Of course, this is part and parcel of a larger strategy of popular re-definition of certain words, a kind of linguistic area denial weapon that makes benign terms toxic and hides the most vile of intentions behind pretty verbal decorations. People who thought a woman had a right to make her own medical decisions were designated 'Pro Abortion', so they fought back by identifying themselves as 'Pro Choice'. After the Second World War, the threateningly-named US War Department was officially renamed the Department of Defense in order to emphasize that no matter the nature of any conflict, the US is never the aggressor and any war we find ourselves involved in is by definition defensive in nature. And after a multi-decade concerted campaign of vilification and vituperation, virtually NOBODY wants to be called a Liberal anymore.
But even in light of this history of etymological violence, the word terrorist stands out as a special case. We have always reserved certain categories for maximal opprobrium, if for no other reason that we have so many TV shows in need of ready-made villains, and therefore certain terms must come to function as verbal shorthand for the most hated of society's dregs. We have previously used child molesters, Latin American drug kingpins, crazed Vietnam veterans and rogue KGB agents in this role, but after the 9/11 attacks, the number one feared and loathed classification in America became terrorist, a condition that has only grown and expanded in the intervening decade.
We've never settled on a firm, accepted understanding of what constitutes a terrorist. Indeed, the aphorism (often attributed to Ramsey Clarke - I prefer the Michael Collins attribution) "One man's terrorist is another man's freedom fighter" has gained popular usage due to the underlying confusion of intentions and methods. But as the debacle in Iraq ground on, with atrocity piled upon atrocity, it became a common way to describe anyone either a.) Trying to kill Americans or b.) Killed by Americans. When Iraqis came together to defend Faluja from American attack, they were labeled terrorists. When Ahmed Ghailani killed a soldier in a firefight in Afghanistan, he was taken to Guantanamo Bay as a terrorist.
At first, terrorists were people who, logically, had committed acts of terror, usually defined as politically motivated attacks against civilians. Later, it had evolved to mean people who had interest in committing acts of terror in the future, or even providing funding or material services to organizations that might, at some time in the future, assist in the commission of acts of terror. Finally, we come to a point where the acts they plan or commit don't even have to qualify as acts of terror for them to be branded as terrorists. The word has lost it's meaning, and at least from the standpoint of the American political leadership and media has come to mean anybody that either doesn't like America or America doesn't like, or both.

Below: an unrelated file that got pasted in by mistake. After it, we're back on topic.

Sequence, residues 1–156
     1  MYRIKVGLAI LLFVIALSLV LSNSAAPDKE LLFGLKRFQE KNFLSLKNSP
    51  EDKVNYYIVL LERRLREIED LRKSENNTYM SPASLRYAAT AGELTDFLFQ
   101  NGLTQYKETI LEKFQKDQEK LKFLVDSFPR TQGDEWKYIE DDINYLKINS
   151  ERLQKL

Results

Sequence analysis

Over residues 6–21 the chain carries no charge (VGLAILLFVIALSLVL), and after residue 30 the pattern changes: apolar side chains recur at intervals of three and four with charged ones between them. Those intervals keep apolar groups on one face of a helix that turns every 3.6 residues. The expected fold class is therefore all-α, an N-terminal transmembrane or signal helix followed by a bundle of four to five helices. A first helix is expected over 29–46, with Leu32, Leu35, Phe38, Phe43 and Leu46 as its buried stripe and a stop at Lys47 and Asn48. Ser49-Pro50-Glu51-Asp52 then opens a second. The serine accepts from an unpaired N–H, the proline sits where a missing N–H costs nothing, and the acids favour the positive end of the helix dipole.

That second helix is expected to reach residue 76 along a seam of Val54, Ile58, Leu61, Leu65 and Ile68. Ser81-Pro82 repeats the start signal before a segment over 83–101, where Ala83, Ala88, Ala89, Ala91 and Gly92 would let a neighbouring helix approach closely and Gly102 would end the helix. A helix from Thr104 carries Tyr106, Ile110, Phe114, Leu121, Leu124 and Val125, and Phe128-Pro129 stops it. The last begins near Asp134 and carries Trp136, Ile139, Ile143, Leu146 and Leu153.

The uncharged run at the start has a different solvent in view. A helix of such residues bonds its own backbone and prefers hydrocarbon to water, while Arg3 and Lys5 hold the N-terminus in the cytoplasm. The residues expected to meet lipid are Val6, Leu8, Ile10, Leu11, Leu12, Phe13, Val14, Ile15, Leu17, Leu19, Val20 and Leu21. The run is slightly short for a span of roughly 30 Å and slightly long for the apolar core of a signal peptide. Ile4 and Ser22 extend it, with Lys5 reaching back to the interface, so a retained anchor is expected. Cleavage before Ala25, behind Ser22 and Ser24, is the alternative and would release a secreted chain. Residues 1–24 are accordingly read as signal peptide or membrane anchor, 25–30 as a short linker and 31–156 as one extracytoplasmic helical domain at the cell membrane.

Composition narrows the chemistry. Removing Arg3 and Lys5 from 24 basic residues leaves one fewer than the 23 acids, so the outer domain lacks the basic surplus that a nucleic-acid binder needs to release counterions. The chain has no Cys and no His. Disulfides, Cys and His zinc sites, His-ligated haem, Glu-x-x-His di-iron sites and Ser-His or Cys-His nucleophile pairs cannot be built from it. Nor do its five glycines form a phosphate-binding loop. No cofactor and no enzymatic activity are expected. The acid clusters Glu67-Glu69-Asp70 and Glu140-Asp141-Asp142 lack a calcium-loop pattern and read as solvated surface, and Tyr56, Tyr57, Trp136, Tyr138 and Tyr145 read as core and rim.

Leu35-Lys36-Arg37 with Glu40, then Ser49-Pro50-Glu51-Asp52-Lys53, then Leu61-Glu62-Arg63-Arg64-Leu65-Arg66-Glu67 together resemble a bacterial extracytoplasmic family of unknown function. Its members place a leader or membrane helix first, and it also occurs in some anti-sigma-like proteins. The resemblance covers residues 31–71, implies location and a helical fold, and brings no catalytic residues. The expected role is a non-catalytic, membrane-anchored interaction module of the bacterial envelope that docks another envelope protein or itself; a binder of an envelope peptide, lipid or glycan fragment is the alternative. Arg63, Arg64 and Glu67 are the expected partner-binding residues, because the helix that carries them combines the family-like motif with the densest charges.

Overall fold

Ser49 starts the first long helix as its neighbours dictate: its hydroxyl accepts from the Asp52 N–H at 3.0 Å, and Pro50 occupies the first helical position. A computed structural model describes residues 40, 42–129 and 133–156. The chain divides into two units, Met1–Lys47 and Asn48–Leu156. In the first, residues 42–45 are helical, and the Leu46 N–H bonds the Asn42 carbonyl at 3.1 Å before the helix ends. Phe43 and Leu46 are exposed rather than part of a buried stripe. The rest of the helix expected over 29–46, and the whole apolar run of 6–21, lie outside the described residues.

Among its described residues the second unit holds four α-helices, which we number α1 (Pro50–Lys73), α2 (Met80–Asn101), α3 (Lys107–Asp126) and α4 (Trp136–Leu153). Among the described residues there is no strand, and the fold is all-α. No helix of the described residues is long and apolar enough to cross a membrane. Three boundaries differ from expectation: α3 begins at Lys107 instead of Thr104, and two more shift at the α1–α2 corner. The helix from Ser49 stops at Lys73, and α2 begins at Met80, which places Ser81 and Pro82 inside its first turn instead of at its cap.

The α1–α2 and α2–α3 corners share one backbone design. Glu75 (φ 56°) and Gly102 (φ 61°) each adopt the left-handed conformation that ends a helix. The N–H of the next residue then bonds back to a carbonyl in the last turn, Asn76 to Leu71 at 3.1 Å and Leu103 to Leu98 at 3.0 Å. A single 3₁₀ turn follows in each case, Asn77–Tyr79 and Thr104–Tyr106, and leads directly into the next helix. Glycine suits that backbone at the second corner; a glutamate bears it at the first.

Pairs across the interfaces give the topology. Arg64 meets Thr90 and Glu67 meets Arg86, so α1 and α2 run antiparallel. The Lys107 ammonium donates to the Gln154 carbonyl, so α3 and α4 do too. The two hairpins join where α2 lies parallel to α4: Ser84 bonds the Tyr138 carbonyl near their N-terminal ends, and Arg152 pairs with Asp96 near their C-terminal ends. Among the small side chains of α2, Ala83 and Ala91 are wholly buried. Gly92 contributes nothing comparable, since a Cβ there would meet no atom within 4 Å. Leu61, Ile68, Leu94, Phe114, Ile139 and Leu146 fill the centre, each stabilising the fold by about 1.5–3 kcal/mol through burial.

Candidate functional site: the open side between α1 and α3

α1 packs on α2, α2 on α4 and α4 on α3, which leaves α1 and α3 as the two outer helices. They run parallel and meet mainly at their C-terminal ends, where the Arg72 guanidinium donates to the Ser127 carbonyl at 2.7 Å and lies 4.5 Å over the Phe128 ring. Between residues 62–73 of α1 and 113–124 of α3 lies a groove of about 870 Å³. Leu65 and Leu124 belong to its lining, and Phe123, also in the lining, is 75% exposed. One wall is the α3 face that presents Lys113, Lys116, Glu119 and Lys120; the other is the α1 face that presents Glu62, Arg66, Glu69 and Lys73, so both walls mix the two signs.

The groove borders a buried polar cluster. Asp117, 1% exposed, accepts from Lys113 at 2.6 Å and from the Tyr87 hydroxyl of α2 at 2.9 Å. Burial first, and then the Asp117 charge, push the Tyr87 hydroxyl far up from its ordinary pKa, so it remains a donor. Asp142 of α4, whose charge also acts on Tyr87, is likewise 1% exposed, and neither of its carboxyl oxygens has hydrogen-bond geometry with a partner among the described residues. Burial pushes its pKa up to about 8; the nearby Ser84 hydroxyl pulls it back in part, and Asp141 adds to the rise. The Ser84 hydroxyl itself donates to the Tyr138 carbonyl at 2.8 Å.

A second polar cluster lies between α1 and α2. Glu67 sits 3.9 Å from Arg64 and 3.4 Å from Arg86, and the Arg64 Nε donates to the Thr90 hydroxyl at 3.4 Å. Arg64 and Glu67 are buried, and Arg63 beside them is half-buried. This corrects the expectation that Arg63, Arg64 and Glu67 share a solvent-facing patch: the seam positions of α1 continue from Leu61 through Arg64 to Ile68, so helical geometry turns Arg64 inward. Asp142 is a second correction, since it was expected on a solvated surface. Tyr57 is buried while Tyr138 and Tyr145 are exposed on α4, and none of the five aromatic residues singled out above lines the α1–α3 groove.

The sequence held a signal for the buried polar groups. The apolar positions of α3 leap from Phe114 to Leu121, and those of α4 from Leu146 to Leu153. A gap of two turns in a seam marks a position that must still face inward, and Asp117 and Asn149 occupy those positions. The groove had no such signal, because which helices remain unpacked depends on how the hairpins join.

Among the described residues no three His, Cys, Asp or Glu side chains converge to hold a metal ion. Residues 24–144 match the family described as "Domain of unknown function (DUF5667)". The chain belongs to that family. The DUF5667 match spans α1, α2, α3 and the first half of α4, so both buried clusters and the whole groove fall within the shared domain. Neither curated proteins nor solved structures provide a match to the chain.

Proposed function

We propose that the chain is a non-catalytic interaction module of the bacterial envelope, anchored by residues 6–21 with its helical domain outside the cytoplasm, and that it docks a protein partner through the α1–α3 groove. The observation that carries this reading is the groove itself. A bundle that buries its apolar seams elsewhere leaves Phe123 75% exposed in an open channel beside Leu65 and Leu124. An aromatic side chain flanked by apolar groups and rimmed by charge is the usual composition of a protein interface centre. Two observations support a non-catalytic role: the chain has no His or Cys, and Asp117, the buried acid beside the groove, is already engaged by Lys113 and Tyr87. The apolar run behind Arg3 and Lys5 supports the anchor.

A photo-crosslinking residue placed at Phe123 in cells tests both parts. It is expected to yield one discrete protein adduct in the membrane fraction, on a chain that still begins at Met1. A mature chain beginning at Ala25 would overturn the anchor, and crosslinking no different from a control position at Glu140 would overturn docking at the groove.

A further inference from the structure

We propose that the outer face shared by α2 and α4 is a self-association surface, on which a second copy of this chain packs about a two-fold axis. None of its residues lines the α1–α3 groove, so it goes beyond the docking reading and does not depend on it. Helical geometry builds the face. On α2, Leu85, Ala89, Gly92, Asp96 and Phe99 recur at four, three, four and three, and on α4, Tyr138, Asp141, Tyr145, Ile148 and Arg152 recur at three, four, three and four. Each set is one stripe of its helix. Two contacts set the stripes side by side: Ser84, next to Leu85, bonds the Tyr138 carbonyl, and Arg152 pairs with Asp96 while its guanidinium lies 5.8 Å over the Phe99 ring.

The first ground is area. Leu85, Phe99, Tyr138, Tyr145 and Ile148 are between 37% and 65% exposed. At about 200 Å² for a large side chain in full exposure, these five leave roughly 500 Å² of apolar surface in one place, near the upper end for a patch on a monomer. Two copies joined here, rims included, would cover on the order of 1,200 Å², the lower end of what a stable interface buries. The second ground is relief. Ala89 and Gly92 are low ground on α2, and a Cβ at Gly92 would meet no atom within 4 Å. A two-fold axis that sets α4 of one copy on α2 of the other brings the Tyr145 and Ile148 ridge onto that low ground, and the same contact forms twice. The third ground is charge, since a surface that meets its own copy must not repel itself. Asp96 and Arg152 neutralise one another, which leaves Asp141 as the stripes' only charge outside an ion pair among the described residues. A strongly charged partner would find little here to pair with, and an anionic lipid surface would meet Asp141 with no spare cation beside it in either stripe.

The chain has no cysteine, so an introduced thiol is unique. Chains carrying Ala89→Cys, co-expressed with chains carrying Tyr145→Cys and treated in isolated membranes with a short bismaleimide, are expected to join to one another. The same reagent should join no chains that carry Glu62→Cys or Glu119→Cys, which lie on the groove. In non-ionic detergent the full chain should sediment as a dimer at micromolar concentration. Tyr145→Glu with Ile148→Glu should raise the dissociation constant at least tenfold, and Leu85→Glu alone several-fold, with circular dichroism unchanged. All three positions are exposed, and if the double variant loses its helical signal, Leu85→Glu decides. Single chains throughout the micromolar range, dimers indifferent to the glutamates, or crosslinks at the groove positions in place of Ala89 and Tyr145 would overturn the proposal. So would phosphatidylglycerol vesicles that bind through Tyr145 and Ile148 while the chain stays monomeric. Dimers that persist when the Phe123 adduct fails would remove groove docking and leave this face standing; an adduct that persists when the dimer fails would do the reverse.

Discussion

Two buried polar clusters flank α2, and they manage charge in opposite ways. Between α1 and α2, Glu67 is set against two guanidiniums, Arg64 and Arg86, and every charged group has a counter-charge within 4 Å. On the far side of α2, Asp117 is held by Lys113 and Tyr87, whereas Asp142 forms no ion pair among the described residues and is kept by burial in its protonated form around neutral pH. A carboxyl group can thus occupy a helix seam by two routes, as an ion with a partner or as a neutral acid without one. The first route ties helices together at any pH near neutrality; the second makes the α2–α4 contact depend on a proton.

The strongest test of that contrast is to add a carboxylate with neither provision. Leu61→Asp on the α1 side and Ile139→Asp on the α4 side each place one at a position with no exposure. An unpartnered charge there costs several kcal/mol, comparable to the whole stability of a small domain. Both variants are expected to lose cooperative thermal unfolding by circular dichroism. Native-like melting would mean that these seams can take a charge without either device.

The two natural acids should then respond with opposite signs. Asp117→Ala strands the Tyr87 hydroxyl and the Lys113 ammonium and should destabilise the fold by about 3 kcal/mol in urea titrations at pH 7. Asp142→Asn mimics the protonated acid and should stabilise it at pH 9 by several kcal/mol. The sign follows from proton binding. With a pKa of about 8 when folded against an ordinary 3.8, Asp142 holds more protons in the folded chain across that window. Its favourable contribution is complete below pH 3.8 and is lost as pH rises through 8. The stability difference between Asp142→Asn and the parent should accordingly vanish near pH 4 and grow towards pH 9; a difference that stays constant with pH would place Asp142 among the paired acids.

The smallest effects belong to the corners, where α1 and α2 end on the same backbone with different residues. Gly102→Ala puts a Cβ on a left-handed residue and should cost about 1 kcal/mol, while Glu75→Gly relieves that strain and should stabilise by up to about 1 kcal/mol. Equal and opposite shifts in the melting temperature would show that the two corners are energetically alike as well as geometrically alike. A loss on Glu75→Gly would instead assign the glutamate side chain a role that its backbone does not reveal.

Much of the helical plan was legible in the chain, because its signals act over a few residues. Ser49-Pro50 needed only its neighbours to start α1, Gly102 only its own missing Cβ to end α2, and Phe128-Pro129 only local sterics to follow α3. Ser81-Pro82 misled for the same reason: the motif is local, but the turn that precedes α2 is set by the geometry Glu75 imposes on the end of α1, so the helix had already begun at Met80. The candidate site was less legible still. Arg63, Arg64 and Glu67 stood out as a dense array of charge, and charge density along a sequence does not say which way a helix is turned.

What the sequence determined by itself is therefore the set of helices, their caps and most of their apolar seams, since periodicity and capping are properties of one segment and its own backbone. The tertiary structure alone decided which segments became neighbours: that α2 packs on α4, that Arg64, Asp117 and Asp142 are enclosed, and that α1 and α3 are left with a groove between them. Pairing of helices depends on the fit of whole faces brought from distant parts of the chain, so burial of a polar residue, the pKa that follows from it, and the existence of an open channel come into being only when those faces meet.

Of course, the American political leadership has found it convenient to rebrand other, similar terms of art. When the Bush administration was providing justification for the invasion of Iraq, it was the threat of Weapons of Mass Destruction, big, scary nuclear or biological weapons with the potential to kill millions. A few days ago, Antonio Martinez was charged in Federal Court with the attempted use of a Weapon of Mass Destruction when he attempted to detonate what he thought was a car bomb. Setting aside the fact that there not only never WAS a car bomb in this case, but there never WOULD have been a car bomb if the FBI didn't supply one, what is it about a CAR BOMB that qualifies it as a Weapon of Mass Destruction? What do you suppose that makes a shotgun? Do you suppose that the prosecutor thought that charge might garner a longer sentence than good old fashioned Conspiracy to Commit Murder?